The Swedish Competition Authority (“KKV”) published on 4 January 2010 its policy for prioritising which matters it will chose to investigate. KKV has a wide discretion over which cases it chooses to investigate, but will prioritise cases by reference to specified factors and whether or not private enforcement is more appropriate.
KKV emphasises the following factors as decisive in its prioritising:
- The gravity of the problem or incident
- The importance of setting a precedent
- Whether another authority or stakeholder would be better equipped to take appropriate action or if the application of some other regulatory regime would be better suited to the problem
The gravity of the problem or incident
The policy states that certain behaviour is particularly serious, such as agreements on prices, limiting markets, market sharing, exclusionary abuse of a dominant position, illegal direct procurement and, as regards public sales operations that restrict competition, operations that may be prohibited when they conflict with both the Competition Act and other statutes and involve the combined conduct of official operations and sales operations. Cases of recidivism are generally seen as serious. The extent and importance of the Swedish market which is affected is important.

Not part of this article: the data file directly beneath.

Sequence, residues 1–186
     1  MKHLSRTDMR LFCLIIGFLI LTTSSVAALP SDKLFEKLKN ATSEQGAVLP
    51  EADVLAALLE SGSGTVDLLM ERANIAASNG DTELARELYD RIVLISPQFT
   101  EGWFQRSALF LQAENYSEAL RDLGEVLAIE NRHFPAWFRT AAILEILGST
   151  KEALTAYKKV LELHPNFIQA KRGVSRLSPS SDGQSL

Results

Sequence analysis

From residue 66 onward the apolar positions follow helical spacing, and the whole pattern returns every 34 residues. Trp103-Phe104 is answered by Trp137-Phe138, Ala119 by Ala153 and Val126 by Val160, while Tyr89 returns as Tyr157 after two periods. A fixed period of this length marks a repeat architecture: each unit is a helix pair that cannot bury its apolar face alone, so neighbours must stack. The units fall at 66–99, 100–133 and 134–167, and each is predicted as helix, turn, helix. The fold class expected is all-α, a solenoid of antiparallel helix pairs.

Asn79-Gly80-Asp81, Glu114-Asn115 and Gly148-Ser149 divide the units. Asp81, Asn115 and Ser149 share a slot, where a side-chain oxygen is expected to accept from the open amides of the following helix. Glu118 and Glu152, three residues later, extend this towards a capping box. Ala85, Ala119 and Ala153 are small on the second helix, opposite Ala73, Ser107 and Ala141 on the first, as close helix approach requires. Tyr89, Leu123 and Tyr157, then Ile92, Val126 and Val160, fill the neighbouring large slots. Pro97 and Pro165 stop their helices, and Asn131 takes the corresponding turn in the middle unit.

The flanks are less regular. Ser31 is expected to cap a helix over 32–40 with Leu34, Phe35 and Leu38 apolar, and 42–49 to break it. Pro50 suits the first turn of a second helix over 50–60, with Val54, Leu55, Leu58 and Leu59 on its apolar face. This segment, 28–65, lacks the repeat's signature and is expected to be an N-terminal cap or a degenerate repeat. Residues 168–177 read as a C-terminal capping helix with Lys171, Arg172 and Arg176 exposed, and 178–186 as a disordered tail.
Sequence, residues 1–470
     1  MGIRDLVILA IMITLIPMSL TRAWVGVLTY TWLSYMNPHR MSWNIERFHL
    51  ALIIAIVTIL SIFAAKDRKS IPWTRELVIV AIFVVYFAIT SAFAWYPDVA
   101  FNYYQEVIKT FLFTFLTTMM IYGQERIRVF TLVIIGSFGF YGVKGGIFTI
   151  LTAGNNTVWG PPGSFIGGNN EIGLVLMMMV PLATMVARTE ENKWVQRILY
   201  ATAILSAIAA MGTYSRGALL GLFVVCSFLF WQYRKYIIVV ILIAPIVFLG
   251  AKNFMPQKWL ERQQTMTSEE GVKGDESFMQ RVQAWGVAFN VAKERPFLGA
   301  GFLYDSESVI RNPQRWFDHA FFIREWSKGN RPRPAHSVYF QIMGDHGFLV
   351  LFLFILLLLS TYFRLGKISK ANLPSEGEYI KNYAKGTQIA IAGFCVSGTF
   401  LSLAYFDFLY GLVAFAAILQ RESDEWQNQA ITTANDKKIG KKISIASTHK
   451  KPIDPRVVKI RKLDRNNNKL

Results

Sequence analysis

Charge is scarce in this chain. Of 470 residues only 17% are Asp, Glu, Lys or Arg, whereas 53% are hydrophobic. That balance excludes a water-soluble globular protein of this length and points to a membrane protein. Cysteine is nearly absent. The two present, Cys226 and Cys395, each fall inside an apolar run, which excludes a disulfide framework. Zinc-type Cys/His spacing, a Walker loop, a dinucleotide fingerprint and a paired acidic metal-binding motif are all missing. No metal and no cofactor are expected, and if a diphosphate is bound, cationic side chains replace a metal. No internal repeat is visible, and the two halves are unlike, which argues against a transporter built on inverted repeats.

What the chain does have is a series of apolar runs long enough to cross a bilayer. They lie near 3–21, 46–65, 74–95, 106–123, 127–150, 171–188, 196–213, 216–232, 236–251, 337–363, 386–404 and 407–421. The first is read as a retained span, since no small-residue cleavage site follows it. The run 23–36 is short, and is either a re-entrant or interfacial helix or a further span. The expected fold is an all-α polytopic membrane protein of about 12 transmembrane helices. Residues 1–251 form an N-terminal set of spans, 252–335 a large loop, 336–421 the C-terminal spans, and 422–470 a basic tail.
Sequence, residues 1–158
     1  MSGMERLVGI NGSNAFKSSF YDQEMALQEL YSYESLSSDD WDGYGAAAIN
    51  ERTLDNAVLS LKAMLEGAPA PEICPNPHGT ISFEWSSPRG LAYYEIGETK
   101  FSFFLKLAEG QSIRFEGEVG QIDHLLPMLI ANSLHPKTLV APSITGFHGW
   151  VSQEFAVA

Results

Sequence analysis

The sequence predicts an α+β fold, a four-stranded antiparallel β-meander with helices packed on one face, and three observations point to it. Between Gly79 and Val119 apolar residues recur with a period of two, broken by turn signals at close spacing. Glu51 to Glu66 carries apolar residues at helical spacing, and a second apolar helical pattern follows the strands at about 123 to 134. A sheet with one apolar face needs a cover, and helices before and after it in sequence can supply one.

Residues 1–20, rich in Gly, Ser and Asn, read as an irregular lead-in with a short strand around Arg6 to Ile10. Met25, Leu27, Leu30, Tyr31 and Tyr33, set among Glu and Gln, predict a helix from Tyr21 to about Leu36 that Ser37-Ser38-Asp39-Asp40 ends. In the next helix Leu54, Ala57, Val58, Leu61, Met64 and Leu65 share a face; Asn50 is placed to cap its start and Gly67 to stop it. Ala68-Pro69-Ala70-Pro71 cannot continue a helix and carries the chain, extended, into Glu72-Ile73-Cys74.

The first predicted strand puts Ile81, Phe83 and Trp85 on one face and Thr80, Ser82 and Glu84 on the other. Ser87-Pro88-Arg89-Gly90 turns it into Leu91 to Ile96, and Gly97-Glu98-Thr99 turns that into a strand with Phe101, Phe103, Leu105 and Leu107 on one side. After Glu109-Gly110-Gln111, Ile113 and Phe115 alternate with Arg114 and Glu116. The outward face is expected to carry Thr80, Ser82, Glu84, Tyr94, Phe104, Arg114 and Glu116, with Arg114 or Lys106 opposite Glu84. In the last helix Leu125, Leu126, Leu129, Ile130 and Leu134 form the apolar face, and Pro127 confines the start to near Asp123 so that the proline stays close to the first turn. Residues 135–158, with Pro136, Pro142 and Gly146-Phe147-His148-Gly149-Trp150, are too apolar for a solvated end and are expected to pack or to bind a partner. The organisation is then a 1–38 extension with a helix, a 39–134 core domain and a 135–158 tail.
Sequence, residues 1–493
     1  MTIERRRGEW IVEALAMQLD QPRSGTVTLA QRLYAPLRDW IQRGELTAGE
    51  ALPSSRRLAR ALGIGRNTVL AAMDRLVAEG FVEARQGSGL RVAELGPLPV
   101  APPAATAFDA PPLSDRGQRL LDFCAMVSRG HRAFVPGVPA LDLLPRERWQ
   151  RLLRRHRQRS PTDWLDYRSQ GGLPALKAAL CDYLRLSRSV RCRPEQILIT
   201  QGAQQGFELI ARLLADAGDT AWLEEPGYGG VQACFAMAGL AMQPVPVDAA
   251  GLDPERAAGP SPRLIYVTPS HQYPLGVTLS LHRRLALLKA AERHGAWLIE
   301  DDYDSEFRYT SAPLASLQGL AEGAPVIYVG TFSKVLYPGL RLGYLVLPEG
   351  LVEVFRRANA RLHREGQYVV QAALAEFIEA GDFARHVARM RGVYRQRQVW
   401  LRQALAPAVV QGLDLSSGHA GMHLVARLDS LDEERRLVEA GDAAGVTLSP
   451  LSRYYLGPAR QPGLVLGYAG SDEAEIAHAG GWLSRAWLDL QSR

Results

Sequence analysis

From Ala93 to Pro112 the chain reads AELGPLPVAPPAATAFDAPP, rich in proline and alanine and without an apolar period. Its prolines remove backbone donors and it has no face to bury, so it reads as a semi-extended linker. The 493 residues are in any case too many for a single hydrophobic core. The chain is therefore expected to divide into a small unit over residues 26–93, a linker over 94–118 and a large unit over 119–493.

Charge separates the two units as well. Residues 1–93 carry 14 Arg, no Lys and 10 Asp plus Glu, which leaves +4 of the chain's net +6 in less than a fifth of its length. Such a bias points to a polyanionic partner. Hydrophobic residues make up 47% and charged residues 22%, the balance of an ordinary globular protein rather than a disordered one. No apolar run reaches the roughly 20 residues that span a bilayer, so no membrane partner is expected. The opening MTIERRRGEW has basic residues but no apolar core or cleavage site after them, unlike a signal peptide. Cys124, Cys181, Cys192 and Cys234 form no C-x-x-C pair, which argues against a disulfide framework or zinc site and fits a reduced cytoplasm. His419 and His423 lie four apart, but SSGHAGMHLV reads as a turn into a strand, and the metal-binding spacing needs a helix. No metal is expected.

Need for precedents
It is seen as especially important to establish clarifying judicial rulings on uncertain legal issues as well as issues relating to new legislation. Where a “test case” is being prosecuted, typically KKV will not investigate other, similar matters. Where established precedents serve to enable other stakeholders to take action, the matter will not be prioritised by KKV.
Other authorities/stakeholders are competent
KKV may refrain from investigating a matter if it considers that it would be more appropriate for another authority to take action in a matter. A good example, though not referred to by the policy, is where sector-specific legislation such as the electronic communications regulatory regime is applicable to an alleged abusive behaviour by a telecom operator.
The KKV Enforcement policy stresses that if the Authority concludes that a competition matter should not be investigated any further if, after having made an overall assessment of the matter, an adversely-affected business can instead exercise its autonomous right to bring proceedings; that is, pursue the matter itself at court. Such actions are brought by submitting a summons application to the Market Court.
Source: KKV press release http://www.kkv.se/t/NewsPage____5613.aspx